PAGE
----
Various cell types have been investigated as candidate cell sources for cartilage and bone tissue engineering. In this review, we focused on chondrogenic and osteogenic differentiation of mouse and human embryonic stem cells (ESCs) and their potential in cartilage and bone tissue engineering. A decade ago, mouse ESCs were first used as a model to study cartilage and bone development and essential genes, factors and conditions for chondrogenesis and osteogenesis were unravelled. This knowledge, combined with data from the differentiation of adult stem cells, led to successful chondrogenic and osteogenic differentiation of mouse ESCs and later also human ESCs. Next, researchers focused on the use of ESCs for skeletal tissue engineering. Cartilage and bone tissue was formed in vivo using ESCs. However, the amount, homogeneity and stability of the cartilage and bone formed were still insufficient for clinical application. The current protocols require improvement not only in differentiation efficiency but also in ESC-specific hurdles, such as tumourigenicity and immunorejection. In addition, some of the general tissue engineering challenges, such as cell seeding and nutrient limitation in larger constructs, will also apply for ESCs. In conclusion, there are still many challenges, but there is potential for ESCs in skeletal tissue engineering.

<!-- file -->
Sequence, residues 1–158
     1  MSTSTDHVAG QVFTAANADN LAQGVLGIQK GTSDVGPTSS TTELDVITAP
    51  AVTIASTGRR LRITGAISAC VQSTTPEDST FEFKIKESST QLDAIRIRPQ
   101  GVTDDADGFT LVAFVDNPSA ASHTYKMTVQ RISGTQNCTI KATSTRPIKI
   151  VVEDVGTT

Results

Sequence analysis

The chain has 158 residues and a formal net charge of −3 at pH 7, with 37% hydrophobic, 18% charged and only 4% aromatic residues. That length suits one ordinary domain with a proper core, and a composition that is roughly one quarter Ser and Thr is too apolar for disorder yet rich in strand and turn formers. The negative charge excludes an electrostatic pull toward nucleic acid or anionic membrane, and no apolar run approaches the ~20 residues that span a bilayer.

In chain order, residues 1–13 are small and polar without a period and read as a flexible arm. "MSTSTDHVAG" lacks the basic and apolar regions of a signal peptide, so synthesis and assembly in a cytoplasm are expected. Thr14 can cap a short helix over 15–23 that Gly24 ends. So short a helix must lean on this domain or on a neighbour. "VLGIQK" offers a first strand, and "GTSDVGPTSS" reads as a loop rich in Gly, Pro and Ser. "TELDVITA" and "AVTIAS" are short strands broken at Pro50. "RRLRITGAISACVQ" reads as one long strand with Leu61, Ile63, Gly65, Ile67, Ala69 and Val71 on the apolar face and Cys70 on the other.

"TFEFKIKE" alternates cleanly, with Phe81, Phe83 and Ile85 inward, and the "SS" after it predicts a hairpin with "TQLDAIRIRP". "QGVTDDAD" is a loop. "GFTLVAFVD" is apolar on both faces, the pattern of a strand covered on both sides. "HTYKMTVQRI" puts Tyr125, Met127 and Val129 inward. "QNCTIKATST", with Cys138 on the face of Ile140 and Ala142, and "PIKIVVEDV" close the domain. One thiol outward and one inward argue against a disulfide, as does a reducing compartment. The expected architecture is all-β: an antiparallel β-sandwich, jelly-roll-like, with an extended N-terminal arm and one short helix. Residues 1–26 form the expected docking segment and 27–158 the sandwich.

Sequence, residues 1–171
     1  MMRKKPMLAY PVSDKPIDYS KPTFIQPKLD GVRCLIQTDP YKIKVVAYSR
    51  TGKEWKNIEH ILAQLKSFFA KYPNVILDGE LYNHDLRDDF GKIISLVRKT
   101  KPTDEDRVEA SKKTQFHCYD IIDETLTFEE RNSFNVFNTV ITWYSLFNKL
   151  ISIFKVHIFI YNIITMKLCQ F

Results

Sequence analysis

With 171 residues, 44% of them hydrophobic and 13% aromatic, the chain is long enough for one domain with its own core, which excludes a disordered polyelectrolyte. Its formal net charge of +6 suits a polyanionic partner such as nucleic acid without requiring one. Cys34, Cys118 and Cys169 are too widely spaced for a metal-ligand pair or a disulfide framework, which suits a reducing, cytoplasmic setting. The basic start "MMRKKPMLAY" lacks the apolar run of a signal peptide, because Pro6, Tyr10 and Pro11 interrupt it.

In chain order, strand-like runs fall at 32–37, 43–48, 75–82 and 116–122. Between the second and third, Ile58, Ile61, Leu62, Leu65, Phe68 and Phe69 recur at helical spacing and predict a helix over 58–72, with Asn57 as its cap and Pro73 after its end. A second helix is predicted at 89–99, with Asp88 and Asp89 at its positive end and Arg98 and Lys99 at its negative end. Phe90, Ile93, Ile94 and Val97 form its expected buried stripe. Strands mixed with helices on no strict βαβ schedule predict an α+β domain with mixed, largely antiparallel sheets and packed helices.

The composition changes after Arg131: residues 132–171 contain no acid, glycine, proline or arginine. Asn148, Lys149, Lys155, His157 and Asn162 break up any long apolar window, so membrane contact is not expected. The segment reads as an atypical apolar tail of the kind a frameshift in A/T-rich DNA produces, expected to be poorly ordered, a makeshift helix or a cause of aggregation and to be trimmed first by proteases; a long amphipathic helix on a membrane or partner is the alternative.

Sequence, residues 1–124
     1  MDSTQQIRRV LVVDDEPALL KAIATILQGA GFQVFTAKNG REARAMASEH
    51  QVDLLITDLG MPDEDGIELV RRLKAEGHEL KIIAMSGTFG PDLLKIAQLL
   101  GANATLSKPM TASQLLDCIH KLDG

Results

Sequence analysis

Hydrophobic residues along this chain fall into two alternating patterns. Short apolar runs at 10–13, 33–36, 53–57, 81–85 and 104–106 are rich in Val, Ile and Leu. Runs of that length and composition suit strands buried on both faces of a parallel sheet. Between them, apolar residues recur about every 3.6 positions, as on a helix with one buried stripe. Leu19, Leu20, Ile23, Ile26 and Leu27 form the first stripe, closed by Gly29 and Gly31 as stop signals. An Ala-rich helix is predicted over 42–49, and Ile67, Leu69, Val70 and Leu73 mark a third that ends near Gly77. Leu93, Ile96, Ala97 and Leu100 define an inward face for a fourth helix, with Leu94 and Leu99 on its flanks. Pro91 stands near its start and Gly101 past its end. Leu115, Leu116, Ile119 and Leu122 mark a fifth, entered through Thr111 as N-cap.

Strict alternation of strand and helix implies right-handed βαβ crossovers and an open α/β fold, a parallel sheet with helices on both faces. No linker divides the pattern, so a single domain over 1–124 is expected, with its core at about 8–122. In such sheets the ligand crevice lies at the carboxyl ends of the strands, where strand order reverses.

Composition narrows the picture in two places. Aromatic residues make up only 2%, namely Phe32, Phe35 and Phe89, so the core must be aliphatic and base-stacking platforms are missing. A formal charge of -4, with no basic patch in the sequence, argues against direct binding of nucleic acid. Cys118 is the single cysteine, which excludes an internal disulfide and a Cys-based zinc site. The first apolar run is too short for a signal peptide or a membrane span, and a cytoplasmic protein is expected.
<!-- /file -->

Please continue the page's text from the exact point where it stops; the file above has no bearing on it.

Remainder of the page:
|Journal||Journal of tissue engineering and regenerative medicine|
|Publication status||Published - 2010|
- Embryonic stem cells
- osteogenic differentiation
- Tissue Engineering
- chondrogenic differentiation